A pretty butterfly posed for me, flexing its wings and then holding still for close-ups. Eventually I reached the Old Military Road, made evident by the wider path often levelled out by stonework and fill. I reached the trail junction where a year ago I’d turned aside for the Choctaw Nation Trail and I thus retraced sections of the old road with admirably preserved stonework. The one-wagon-width road curved again and again as it wound its way up Winding Stair Mountain toward today’s Skyline Drive.
I passed spiderwort and went through a fence gateway as I climbed to Oklahoma Highway 1. More spiderwort attracted my eye in clusters of two and more, with more pretty wildflowers, including some Baby Blue Eyes. I reached the Talimena Skyline Drive trailhead, where I saw a young couple setting out back along my path. Precisely three hours, to the second, after leaving my car I reached a picnic table for lunch. I’d averaged 2.2 miles per hour on the way out as I walked up and down the inclines and climbed the 700+ feet to the Skyline Drive. I intended to beat that pace on the way back by taking the forest road the trail had crossed multiple times.
The path back was strewn with flowers at first and happily the sun broke through the clouds as I retraced my path, cheering me along as I passed another couple out hiking and later a tattooed man and his dog. I noted where the faint trace of the old military road continued northward while today’s hiking trail curved eastward toward the forest road, which I followed after turning off by the barbed wire fencing to find a gate to frighten dumpers, with only ruins beyond.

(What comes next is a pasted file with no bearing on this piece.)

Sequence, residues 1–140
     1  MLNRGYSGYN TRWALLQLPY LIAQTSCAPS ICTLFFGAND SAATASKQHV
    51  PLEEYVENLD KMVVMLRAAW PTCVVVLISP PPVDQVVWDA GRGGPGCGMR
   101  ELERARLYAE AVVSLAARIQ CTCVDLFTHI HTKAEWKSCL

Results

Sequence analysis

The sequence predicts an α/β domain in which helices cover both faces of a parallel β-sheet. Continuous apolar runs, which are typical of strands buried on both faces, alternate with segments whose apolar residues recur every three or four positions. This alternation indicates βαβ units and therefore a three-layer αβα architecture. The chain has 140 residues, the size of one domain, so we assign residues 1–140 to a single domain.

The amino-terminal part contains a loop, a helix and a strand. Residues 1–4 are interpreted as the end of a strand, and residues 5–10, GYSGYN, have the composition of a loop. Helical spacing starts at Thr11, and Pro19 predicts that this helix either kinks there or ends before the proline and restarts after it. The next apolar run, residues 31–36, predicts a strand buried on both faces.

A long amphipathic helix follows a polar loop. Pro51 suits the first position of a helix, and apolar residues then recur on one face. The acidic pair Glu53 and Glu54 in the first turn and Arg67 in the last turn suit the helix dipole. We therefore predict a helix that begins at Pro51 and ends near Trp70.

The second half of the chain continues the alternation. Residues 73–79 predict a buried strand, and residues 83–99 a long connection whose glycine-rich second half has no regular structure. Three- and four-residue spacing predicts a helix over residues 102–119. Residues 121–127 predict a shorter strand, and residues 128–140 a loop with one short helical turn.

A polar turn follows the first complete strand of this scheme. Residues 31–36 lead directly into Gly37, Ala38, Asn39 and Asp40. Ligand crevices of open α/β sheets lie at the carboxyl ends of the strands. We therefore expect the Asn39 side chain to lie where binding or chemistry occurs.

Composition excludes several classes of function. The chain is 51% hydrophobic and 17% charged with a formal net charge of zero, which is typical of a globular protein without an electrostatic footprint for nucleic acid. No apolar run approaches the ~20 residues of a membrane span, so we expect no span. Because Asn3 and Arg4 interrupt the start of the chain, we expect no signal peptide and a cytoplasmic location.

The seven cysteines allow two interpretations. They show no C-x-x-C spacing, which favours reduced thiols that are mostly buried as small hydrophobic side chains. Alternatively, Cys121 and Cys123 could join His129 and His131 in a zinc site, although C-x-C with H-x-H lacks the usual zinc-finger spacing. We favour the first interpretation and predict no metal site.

The forest road had only one tree down across it, sawn for clearance but with a scattering of pine cones. I propped my camera on one of the boulders by the roadside for a blurry self-portrait and marched along the road admiring the layers of forest ahead of me and blue skies above. Every so often there would be a clearing to one side, often with a fire ring of stones showing folks like to camp along here. I reached the car before 2:30 p.m., having completed 13.4 miles and improved my earlier 2.2 mi/h pace to 2.8 mi/h along almost five miles of forest road.
I headed back homeward, taking scenic highway 82 across the San Bois Mountains and zooming to Tulsa for dinner and then to Bartlesville with sun rays poking through the low clouds. It had rained 2.5 inches in my absence and the wind must have been fierce, as I found the front yard and driveway completely covered in branchlets from the River Birch tree. I like the shade it provides, but its constant shedding of branchlets and the way it fills the gutters each spring with its female catkins can be tiresome. One day I’ll replace it with a nice Japanese Maple or Chinese Pistache to join my Cherry Laurel.
Although this day hike cost me $45 in gasoline and $92 for a passable hotel room, it was a welcome escape to the piney woods. Next weekend I will be stuck at school all day Saturday helping with the chemistry olympiad (don’t ask) and meeting teaching candidates at our job fair. But May will bring several three-day weekends during which I can hope to hike before the summer broil begins.